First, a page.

Strip Set, Dammit!

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Quite likely the most frustrating thing for an angler who is new to salt water is the strip set.

A dedicated freshwater angler will have thousands of hours of muscle memory to overcome. I did it myself time after time. I’d see a fish eat and my arm, without permission from my brain, would raise the rod tip and off would swim a happy bonefish. Then I would hear my friend Josie Sands, from the platform, “da ain’t no trout in the Bahamas Louis”. To be fair, as frustrating as this is for the angler it may be worse on the guide. He has to deal with this almost every day.

I wish I had a silver bullet to offer that would solve this problem for you instantly, but I don’t. It just takes focus and practice. However here are a few suggestions that may help. First, don’t beat yourself up. Every guy who stands on that bow has gone through this. You are not a moron, you just feel like one. Self loathing will not help.

Second, stay focused. There is a lot to think about and when you spot fish things happen quickly. Try this. When a fish turns and chases your fly,

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Sunday Classic / Spooky Permit Tips

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Permit in glass calm water. It doesn’t get any tougher than that. I know of no one who know more about permit than my buddy Bruce Chard so I ask him for a tip on making a successful presentation. Here’s his reply. Casting to shallow water permit in calm wind conditions can be challenging to say the least. These are the two main conditions that seem to make permit even more skidish than normal. Is that even possible? Shallow water depth and calm wind conditions help to put permit on another level of the spooky scale. So how do we effectively cast to these shallow water feeding circus fatties? Well an even powered wide loop presentation is a good start believe it or not. An even powered wide loop presentation cast will help to spread all the energy in the fly line evenly over the wide loop leaving just enough dispersed energy to slowly and softly roll out the leader and fly with a quiet presentation. This helps you to present your fly right in the permits wheel house and that means game on! Thanks Bruce! Louis Cahill Gink & Gasoline www.ginkandgasoline.com hookups@ginkandgasoline.com   Sign Up For Our Weekly Newsletter!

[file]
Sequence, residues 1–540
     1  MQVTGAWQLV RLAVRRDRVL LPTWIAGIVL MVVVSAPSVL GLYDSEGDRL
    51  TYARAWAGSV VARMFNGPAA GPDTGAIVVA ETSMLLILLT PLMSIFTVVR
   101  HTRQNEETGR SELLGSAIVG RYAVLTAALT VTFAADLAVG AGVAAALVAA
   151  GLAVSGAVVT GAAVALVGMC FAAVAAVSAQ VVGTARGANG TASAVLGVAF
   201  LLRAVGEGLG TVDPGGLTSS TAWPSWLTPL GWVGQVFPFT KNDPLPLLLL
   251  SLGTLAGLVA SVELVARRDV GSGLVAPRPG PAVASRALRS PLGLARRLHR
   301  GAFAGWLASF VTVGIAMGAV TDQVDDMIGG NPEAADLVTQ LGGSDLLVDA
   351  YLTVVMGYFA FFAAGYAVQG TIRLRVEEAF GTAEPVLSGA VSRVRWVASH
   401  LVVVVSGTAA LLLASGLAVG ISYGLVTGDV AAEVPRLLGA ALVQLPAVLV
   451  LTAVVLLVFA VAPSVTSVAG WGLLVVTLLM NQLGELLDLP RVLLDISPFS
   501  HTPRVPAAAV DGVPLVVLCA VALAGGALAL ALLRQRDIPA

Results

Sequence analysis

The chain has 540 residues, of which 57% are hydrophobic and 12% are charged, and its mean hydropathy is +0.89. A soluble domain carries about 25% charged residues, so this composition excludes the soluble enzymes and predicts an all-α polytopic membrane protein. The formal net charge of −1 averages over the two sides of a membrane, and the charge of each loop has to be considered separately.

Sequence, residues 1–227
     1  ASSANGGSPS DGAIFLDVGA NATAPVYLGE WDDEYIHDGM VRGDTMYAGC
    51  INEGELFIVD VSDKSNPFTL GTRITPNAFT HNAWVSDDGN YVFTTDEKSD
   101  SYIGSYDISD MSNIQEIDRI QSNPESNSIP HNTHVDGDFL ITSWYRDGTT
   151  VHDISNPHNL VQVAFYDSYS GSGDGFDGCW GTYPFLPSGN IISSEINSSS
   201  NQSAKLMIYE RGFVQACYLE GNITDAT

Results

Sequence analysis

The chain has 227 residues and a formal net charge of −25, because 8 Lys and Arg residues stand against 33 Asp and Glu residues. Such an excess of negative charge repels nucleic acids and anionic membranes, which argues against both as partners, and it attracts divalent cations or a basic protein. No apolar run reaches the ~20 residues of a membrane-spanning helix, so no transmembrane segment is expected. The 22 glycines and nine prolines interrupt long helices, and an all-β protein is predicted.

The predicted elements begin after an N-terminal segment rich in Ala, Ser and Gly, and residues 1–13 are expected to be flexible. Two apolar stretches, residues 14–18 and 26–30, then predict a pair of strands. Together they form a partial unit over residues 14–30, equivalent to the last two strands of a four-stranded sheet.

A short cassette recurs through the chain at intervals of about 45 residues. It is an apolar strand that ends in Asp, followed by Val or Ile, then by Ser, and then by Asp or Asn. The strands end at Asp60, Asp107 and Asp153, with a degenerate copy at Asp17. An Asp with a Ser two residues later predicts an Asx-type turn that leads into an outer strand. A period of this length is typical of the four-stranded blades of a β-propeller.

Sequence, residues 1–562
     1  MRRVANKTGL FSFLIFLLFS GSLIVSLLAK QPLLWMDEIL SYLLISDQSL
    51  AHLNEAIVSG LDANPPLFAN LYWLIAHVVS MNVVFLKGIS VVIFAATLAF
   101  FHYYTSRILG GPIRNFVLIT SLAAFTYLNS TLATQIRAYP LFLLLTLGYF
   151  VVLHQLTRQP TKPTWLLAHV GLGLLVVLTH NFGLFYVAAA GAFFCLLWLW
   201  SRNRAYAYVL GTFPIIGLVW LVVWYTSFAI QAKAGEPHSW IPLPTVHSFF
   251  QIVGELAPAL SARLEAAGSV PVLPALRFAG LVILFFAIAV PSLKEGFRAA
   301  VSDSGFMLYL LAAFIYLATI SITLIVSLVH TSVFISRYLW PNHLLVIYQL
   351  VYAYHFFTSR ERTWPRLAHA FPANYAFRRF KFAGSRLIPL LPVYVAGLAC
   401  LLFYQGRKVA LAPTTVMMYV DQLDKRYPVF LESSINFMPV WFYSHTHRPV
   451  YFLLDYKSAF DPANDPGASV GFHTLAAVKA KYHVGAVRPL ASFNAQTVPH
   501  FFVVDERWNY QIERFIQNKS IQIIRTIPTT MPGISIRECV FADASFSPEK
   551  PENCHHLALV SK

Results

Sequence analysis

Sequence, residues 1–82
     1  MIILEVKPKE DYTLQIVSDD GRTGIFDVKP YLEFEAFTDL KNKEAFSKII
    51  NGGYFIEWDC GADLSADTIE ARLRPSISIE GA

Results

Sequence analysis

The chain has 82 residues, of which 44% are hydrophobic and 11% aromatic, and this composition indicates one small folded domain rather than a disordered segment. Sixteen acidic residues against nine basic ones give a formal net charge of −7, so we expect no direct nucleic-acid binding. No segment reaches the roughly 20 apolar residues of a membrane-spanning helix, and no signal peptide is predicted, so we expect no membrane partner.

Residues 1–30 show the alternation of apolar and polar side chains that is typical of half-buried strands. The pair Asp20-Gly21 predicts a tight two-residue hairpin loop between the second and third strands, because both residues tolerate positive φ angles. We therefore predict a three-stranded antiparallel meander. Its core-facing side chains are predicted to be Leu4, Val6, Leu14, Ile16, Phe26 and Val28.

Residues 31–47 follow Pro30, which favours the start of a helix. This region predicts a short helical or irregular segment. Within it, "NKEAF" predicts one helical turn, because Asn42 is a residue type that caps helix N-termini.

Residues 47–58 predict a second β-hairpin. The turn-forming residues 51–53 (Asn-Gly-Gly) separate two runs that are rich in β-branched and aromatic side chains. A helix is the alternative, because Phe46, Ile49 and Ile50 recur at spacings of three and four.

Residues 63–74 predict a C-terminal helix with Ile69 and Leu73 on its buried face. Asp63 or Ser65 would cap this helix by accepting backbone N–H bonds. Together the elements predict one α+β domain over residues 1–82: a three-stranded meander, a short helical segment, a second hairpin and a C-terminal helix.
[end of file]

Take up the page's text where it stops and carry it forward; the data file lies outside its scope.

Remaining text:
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Saturday’s Shoutout / Fly Fishing Internet Radio

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This Saturday’s Shoutout goes to Roger Maves, Host of Ask About Fly Fishing – Internet Radio. Roger has produced 134 fly fishing information packed interviews with the top fly fishing experts in the industry. This sites is great for two reasons. One, it’s completely FREE for you to listen to, and second, it’s great for picking up tips from the pros and learning the ins and out of their home waters. We give Roger Maves an A+ for his great content and a big Cheers to all his contributors. Keep it Reel, Kent Klewein Gink & Gasoline www.ginkandgasoline.com hookups@ginkandgasoline.com

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The Need For Speed, Line Speed, That Is

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Joel Dickey is one of the most dynamic casters I’ve ever seen.

One of the hallmarks of his dominating casting style is truly awesome line speed. It enables him to shoot massive amounts of line and hit distant targets with accuracy, even in high wind. In this video he explains how you can build your line speed.

WATCH THE VIDEO!

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Landlocked Stripers on the Fly

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WHEN THE WEATHER TURNS COOL, IT’S TIME TO GET EXCITED ABOUT LAYERING UP AND GETTING ON ONE OF MY LOCAL RESERVOIRS FOR SOME LANDLOCKED STRIPERS ON THE FLY.